Maven2 and JDeveloper
Maven is a great tool for project automation. It provides build in tasks (like ant) for all the standard java project lifecycles, like build, test, package, documentation etc. One of the great features is it’s dependency management. You define the required libraries (and optionally define for which lifecycle it is needed) and Maven will download them to your local repository when necessary. It will then add these these libraries to the classpath (when compiling) or add them to the WEB-INF\lib directory (when making a deliverable) etc. In our projects, Maven is an essential part for continuous integration and build management, expecially because you want to independent of an IDE.
Since the plugin is not in a central Maven repository, we have to install it in our own local (or company) repository. Get the sources from the Trinidad-plugins-JDeveloper subversion repository and put them in a suitable directory. Then, open a command prompt in that directory and issue the command mvn install. This will install the plugin in you local repository. Now you can use it with your maven project file, the pom.xml. Just issue mvn jdev:jdev and the .jpr file will be generated. Note, that no jws file is generated. However, if you issue this command at the top level of a multi-module maven project, the .jws and all of the .jpr files will be generated.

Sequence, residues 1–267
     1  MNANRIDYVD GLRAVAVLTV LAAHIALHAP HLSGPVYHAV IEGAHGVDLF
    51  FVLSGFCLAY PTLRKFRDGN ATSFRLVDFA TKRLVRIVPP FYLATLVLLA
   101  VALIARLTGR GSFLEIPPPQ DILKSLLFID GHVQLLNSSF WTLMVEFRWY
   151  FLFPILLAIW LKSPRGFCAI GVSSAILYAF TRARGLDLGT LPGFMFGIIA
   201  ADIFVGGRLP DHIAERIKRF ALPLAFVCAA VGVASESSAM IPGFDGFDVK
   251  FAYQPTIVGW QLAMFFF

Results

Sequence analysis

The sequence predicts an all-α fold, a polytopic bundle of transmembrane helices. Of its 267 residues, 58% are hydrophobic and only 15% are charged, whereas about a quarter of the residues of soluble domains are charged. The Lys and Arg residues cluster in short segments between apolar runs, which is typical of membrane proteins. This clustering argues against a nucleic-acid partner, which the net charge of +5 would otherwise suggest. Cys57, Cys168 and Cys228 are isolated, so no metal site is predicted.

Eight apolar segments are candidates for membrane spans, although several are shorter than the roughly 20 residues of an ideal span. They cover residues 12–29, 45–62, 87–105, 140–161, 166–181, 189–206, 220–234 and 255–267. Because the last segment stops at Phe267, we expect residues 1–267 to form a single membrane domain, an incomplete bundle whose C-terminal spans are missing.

If you don’t have any previous maven experience, don’t worry, maven can generate a default project (what they call a project archetype) with the following command : mvn archetype:create -DgroupId=nl.amis.demo -DartifactId=mvnDemo. This will generate a subdirectory called mvnDemo that contains a maven project file, the pom.xml, a demo java file (App.java) and a JUnit test (AppTest.java). Go to the mvnDemo directory and issue the command mvn jdev:jdev to generate the mvnDemo.jpr file that you can now open in JDeveloper (first make an application). Notice that it generates a seperate project for the JUnit test.
As mentioned before, generating the project file(s) is only part of the story. Using Maven also means you are managing your libraries (dependencies) outside your IDE, which off course is a good idea with a continuous build process (and how can you do without that?). The plugin automatically adds all the dependencies to the .jpr file as external jars (referencing the Maven repository) in the list of project libraries. This works fine with open source libraries, that are automatically retrieved from a central Maven repository. But other libraries, like jdbc drivers, the Sun J2ee libraries and many of the JDeveloper built-in libraries have to be added to your local repository manually. Besides that this is a tedious task, we also replaced one dependency for another . The solution to this is to create your own company Maven repository and deploy all these libraries there. Although initially, this will take some time, some discussions about naming conventions and a different way of working, we are sure it will pay off and will provide much better build management. With this plugin we expect that we now can implement this way of working in our JDeveloper projects too; we’ll keep you informed about our experiences.
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